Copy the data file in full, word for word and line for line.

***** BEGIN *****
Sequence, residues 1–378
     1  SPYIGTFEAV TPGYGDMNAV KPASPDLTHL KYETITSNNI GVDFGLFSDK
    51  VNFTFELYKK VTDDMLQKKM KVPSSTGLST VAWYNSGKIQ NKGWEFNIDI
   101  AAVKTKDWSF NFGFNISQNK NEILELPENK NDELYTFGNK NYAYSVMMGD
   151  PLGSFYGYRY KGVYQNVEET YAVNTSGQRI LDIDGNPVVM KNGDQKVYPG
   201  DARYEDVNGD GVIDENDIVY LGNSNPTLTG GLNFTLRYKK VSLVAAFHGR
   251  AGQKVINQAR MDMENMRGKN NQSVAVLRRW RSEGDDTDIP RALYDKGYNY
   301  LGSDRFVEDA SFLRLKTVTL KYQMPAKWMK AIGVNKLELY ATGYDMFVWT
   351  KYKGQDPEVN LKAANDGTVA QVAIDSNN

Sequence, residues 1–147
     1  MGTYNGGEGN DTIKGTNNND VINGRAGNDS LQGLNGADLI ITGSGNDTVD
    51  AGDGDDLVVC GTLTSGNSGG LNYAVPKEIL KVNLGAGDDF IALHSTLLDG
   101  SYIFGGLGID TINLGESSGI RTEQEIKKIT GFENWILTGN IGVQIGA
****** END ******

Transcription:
Sequence, residues 1–378
     1  SPYIGTFEAV TPGYGDMNAV KPASPDLTHL KYETITSNNI GVDFGLFSDK
    51  VNFTFELYKK VTDDMLQKKM KVPSSTGLST VAWYNSGKIQ NKGWEFNIDI
   101  AAVKTKDWSF NFGFNISQNK NEILELPENK NDELYTFGNK NYAYSVMMGD
   151  PLGSFYGYRY KGVYQNVEET YAVNTSGQRI LDIDGNPVVM KNGDQKVYPG
   201  DARYEDVNGD GVIDENDIVY LGNSNPTLTG GLNFTLRYKK VSLVAAFHGR
   251  AGQKVINQAR MDMENMRGKN NQSVAVLRRW RSEGDDTDIP RALYDKGYNY
   301  LGSDRFVEDA SFLRLKTVTL KYQMPAKWMK AIGVNKLELY ATGYDMFVWT
   351  KYKGQDPEVN LKAANDGTVA QVAIDSNN

Sequence, residues 1–147
     1  MGTYNGGEGN DTIKGTNNND VINGRAGNDS LQGLNGADLI ITGSGNDTVD
    51  AGDGDDLVVC GTLTSGNSGG LNYAVPKEIL KVNLGAGDDF IALHSTLLDG
   101  SYIFGGLGID TINLGESSGI RTEQEIKKIT GFENWILTGN IGVQIGA